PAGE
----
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The Mexican army’s role in the disappearance of 43 college students and its alleged links to organized crime are now at the center of a case that has shaken the nation. The government’s Truth Commission has declared the 2014 episode a “state crime.” Three members of the military and a former federal attorney general have been arrested in the case. Few now believe the government’s initial claim putting all blame on a drug gang and allied local officials for killing the students, then burning their bodies. A recent report indicates collaboration between a drug cartel and an officer and that some of the students’ bodies were taken to a local army base.

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Prosecutors in the penalty trial of Florida school shooter Nikolas Cruz are about to begin their rebuttal case. They are expected to present expert witnesses who will testify starting Tuesday that Cruz is a sociopath and fully responsible for his murder of 17 people at Parkland's Marjory Stoneman Douglas High School in 2018. They are trying to counter defense testimony that said Cruz's birth mother drank heavily during pregnancy, damaging his brain. Cruz pleaded guilty last year to murder. The trial is only to determine if the 24-year-old is sentenced to death or life without the possibility of parole. The rebuttal case could take up to two weeks.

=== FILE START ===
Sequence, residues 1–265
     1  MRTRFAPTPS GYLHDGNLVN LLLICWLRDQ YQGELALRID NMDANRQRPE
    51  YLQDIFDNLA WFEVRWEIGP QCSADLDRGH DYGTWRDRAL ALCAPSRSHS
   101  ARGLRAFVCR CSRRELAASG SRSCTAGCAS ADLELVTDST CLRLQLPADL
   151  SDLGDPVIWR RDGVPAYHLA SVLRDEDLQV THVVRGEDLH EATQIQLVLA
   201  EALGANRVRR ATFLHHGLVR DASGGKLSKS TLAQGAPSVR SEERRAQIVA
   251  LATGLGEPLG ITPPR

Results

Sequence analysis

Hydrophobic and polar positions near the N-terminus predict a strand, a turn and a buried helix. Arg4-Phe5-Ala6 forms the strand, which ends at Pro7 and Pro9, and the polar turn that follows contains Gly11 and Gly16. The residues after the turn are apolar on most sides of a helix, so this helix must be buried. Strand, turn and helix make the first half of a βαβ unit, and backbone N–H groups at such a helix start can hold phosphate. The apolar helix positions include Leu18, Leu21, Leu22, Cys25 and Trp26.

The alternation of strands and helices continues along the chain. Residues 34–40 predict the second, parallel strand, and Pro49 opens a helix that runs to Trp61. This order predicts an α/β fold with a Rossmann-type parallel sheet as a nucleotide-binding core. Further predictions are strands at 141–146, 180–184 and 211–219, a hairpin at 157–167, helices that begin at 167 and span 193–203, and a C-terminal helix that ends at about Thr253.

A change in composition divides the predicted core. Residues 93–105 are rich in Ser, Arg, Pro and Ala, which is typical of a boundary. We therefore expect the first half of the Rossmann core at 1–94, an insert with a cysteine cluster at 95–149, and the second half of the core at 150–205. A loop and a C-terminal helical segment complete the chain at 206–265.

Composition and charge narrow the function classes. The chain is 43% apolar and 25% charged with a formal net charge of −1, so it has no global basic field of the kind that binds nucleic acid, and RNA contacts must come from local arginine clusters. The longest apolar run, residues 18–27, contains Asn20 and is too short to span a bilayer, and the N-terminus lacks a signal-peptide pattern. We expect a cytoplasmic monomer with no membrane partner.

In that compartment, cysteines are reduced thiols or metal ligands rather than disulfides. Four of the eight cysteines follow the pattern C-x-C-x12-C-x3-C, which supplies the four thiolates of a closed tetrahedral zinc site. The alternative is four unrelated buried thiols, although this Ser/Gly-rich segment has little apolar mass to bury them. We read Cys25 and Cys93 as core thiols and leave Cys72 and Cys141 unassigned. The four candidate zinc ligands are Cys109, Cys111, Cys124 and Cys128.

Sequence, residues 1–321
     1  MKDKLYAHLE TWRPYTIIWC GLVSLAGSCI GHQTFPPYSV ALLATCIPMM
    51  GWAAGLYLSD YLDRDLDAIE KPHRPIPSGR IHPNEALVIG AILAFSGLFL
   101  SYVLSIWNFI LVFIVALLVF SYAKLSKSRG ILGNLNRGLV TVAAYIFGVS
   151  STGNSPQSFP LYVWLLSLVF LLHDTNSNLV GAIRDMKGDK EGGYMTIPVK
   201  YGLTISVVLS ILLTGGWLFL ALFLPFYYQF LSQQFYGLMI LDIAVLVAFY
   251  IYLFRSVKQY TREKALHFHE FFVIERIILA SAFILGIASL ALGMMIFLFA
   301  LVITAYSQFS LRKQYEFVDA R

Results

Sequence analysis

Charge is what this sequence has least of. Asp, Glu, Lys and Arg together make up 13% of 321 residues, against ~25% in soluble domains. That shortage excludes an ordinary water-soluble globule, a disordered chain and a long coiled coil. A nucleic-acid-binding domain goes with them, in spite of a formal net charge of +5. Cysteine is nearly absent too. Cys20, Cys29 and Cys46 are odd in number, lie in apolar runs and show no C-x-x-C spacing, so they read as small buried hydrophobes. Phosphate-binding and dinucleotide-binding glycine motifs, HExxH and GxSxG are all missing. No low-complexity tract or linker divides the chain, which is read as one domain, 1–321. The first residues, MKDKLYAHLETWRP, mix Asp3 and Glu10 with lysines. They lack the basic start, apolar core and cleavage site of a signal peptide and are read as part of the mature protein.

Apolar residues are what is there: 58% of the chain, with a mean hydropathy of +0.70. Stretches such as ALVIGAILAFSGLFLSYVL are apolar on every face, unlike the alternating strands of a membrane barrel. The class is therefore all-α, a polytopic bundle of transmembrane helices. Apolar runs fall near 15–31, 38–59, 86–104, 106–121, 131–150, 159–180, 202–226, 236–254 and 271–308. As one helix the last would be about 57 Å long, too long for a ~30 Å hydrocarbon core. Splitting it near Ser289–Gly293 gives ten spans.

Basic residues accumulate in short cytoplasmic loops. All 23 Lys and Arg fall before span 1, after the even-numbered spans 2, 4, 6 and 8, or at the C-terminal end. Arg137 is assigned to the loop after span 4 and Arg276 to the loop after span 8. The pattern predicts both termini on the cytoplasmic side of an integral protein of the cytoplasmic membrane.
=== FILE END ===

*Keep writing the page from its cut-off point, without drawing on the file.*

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After bashing the proceedings on his web show, conspiracy theorist Alex Jones has made his first appearance outside a courthouse in Connecticut where a jury will determine how much damages he should pay for telling his audience the Sandy Hook Elementary School shooting was a hoax. Jones showed up and made comments outside, but left a short time later, indicating he wouldn't be testifying Tuesday. Jones has criticized the proceedings from his Infowars studio in Austin, Texas, calling it a “show trial.” He has already been found liable for damages and the trial is to decide how much he must pay eight families and an FBI agent who responded to the massacre.

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Marjory Stoneman Douglas High School shooter Nikolas Cruz is shown at the defense table after the defense team announced their intention to rest their case during the penalty phase of Cruz's trial at the Broward County Courthouse in Fort Lauderdale on Wednesday, Sept. 14, 2022. Cruz previously plead guilty to all 17 counts of premeditated murder and 17 counts of attempted murder in the 2018 shootings. (Amy Beth Bennett/South Florida Sun Sentinel via AP, Pool)

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Marjory Stoneman Douglas High School shooter Nikolas Cruz is shown at the defense table just before his defense team announced their intention to rest their case during the penalty phase of Cruz's trial at the Broward County Courthouse in Fort Lauderdale on Wednesday, Sept. 14, 2022. Cruz previously plead guilty to all 17 counts of premeditated murder and 17 counts of attempted murder in the 2018 shootings. (Amy Beth Bennett/South Florida Sun Sentinel via AP, Pool)